SUNRISE, FLORIDA – For the grand majority of their 20 seasons of existence, the Florida Panthers have done little to instill a sense of confidence in their fan base. An average of two playoff appearances every tenth of a century tends to have that effect. A regularly changing ownership group doesn’t help much, either. But the franchise’s current powerbrokers know full well they can’t change that with hollow guarantees, PowerPoint presentations or slick ad campaigns.

    The only thing that will fill their 19,250-seat arena on a nightly basis is what they’ve consistently lacked since their inaugural season in 1993-94: wins, and many of them. Read more

  • Celebrity Overtime: Eight questions with Friends star Matt LeBlanc

    Amber Dowling
    Matt LeBlanc (Michael Desmond/SHOWTIME)

    Stars like hockey too, and everyone once in a while they’re more interested in chatting up last night’s game than they are in pontificating about their latest TV or film projects. In our weekly “Celebrity Overtime” feature, we take five minutes with various celebrities to discuss their love of the good old-fashioned game.

    We might all just want to ask Matt LeBlanc “how you doin’,” but as it turns out, his history with the game is a story worth telling. Before he became a mega TV star thanks to his 10-season stint as Joey on Friends, he used to spend lots of time at the arena. His former hockey playing days have even translated to his new Showtime series Episodes, on which he plays a heightened version of himself. (That character plays a hockey coach on a show called Pucks!—it’s all very meta.)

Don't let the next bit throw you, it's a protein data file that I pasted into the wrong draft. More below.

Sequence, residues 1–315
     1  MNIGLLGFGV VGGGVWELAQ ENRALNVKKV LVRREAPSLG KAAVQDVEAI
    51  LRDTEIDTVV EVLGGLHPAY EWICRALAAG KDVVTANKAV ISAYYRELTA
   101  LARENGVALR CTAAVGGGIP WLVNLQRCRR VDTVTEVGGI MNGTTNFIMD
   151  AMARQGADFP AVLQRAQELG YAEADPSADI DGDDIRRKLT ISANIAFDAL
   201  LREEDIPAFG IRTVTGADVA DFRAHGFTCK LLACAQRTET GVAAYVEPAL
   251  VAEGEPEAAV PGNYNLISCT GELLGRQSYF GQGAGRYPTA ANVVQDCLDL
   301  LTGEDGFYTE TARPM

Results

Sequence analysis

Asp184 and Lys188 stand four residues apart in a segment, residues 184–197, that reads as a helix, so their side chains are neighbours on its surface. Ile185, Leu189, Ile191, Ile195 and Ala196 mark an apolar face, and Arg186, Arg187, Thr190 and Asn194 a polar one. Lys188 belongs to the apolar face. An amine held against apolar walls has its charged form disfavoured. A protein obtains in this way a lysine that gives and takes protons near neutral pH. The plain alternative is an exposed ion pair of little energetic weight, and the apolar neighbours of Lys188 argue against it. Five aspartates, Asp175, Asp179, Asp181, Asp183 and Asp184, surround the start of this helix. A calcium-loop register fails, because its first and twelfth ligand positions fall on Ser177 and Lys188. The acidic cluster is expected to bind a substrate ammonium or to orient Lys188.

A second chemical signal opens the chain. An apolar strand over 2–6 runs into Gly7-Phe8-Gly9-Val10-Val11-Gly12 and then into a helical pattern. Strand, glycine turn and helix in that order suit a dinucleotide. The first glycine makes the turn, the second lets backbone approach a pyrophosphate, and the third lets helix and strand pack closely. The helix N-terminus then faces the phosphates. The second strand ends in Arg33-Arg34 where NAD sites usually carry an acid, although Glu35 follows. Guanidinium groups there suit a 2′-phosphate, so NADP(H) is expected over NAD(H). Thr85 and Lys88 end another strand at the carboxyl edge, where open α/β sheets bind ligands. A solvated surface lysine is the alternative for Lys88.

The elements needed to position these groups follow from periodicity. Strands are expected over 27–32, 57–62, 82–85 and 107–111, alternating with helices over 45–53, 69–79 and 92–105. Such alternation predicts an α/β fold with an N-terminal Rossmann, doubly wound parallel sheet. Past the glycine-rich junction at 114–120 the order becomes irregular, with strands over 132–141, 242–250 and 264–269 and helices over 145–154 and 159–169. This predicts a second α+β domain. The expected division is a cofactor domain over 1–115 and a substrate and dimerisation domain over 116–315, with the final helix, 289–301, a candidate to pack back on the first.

Here, LeBlanc recalls the one time former co-star Matthew Perry dragged him back on the ice, the hockey culture in L.A. and more. Read more

  • Miracle on Manchester to a silent Maple Leaf Square, the five greatest NHL comebacks

    Toronto Maple Leafs Fans Watching Stanley Cup Game At Tailgate Party In Toronto

    In the Swedish third league on Wednesday, one of the most incredible comebacks in hockey history happened.

    Down 3-0 in the third period, IFK Arboga scored with just under 12 minutes left in the third period. Then they scored again 20 seconds later. And again nine seconds after that. And once more 30 seconds following their third goal. In less than two minutes, Arboga had erased a three-goal deficit to Grastorps, and held on for a 4-3 victory.

    While there are no four-goals-in-two-minutes comebacks in NHL history, these are the five best. Read more

  • David Aslin goes between the legs to embarrass goaltender

    Jared Clinton
    AslinGoal

    If you’ve never heard of David Aslin, you’ll remember his name after seeing this ridiculous between the legs goal.

    Thing is, Aslin, a 25-year-old winger for the Swedish League’s Leksands IF, probably wasn’t too well known around Leksand before a trade sent him there from his former Vaxjo Lakers. But after going top shelf, between the legs on Lulea’s Joakim Lundstom, you have to think he’s going to be a fan favorite awfully quickly: Read more